The Hill wrote: Does @RepAdamSchiff believe @DevinNunesâ staff worked with the White House on the House GOP memo? He tells @GStephanopoulos âI think itâs very possible his staff worked with the White House and coordinated the whole effort with the White House.â â This Week (@ThisWeekABC) February 4, 2018
Schiff said on Sunday Trumpâs use of the memo âcould be evidence of the presidentâs intent to interfere with the investigationâ into Russia's election meddling and possible collusion between Trump's campaign and Moscow.
John MacArthur wrote: ... Obviously they couldnât keep the law, but they were to be driven in penitence to plead with God to be merciful to them as sinners.
So we understand that this was unique for the people of Israel. And as I said this morning, when Jesus came, everything changed, everything changed. You remember that I told you this morning that what He did was not a cleansing of the temple, it was an abolishing of the temple? He didnât just want to eliminate the bad priests and keep the good priests. He eliminated the priesthood.
He didnât just want to clean up the peopleâs attitudes as they gave their sacrifices, He obliterated the sacrificial system because He brought an end to Judaism with all its ceremonies, all its rituals, all its sacrifices, all of its external trappings, the temple, the holy of holies, all of it, including the sabbath, including the sabbath. The sabbath observance went away with all the rest that belonged to Judaism.
Dr. Mark Weldon wrote: Dramatic claims require dramatic proof. Arguments of major corruption in modern conservative translations must really be documented, not just made to look good. Allegations that godly Christians are actually opposed to Christ and part of a devilish conspiracy to have everyone worship Satan are extremely serious. This is why those who make such charges must âbe held to the highest standards of scholarly acumen and accuracy.â Of course, almost every philosophy, religion, cult, world view, etc., can make what seems like a good defense for its positionâat least until the other side is examined. Only the unwise rush to say something before thinking it through. âHe who answers before listeningâthat is his folly and his shameâ (Prov. 18:13, NIV).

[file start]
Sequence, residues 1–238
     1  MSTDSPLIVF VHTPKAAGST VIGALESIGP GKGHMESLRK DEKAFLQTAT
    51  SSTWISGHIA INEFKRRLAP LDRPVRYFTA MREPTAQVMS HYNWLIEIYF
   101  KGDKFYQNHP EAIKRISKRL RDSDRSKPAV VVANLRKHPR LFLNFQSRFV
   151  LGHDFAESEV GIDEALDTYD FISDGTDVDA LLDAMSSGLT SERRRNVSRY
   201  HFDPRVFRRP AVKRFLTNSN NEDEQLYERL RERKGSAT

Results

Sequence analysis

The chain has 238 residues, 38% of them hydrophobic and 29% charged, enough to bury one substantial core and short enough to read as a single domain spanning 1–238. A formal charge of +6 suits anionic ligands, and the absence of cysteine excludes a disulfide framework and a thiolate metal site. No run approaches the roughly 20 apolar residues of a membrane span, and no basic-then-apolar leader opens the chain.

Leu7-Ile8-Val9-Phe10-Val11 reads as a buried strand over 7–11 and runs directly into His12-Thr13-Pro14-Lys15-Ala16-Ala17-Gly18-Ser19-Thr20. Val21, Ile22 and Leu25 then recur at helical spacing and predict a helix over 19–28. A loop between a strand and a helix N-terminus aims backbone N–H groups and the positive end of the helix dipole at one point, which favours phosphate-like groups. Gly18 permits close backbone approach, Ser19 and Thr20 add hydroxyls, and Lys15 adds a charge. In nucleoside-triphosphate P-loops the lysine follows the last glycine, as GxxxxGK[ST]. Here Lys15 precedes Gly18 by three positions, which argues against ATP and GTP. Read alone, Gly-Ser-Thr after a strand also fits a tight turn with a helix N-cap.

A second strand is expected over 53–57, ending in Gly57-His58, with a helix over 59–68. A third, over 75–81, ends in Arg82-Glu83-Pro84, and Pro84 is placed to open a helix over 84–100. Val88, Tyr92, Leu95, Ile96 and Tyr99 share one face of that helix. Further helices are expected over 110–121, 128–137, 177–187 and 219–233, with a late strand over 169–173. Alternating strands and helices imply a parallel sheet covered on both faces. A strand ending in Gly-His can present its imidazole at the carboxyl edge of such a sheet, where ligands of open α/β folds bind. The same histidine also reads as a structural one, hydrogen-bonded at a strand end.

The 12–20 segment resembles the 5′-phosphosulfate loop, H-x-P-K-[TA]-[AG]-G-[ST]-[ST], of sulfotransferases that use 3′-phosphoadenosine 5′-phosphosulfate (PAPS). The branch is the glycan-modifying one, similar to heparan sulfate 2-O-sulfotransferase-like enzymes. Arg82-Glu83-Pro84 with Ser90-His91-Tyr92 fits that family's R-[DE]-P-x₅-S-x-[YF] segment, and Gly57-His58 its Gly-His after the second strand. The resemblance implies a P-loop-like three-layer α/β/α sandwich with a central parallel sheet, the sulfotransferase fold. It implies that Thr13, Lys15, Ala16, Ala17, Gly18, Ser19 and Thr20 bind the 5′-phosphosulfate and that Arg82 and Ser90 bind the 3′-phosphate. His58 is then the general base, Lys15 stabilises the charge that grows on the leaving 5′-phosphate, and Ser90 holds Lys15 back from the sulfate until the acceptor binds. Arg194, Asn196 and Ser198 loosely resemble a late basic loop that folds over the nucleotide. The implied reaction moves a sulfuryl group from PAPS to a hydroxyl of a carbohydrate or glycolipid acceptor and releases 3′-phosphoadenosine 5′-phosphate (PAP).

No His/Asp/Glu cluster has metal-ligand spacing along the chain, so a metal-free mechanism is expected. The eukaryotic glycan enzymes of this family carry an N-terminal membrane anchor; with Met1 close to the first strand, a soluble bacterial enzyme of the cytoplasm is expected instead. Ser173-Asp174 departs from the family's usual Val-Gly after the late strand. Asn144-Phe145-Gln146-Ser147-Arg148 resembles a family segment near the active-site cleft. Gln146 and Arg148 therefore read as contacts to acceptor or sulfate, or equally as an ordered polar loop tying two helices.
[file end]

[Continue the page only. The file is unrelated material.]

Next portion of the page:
SA article wrote: âNo controversy exists in the scientific community regarding the fact of evolution,â đ [Intelligent Design] đ the group claimed, âand the teaching of alternative theories or a controversy is not only inappropriate and dishonest, it is unconstitutional. âŠ Such a practice alienates those who practice other religious faiths, those who are nonreligious and those who believe that science and religion are compatible.âđđđ
There are States that have an interesting viewpoint on teaching alternatives to Evolutionâ
Chris Kirk wrote: Louisiana: The Louisiana Science Education Act of 2008 allows teachers to use âsupplemental textbooks and other instructional materials to help students understand, analyze, critique, and review scientific theories in an objective manner,â specifically theories regarding âevolution, the origins of life, global warming, and human cloningââin effect, allowing creationist material inside classroom. Itâs no coincidence that the Discovery Institute, [ http://tinyurl.com/yafuxjlo ] a creationist think tank that provides such âsupplemental textbooks,â helped write the bill, ....
You mean, thanks for nothing, I.E.? I am so thankful that he spend so much time out on the golf course instead of in the White House.
Ezra Klein wrote: ...Steven Levitsky and Daniel Ziblatt in their new book, How Democracies Die. In most modern cases, âdemocracies erode slowly, in barely visible steps.â They rot from the inside, poisoned by leaders who âsubvert the very process that brought them to power.â They are hollowed out, the trappings of democracy present long after the soul of the system is snuffed out....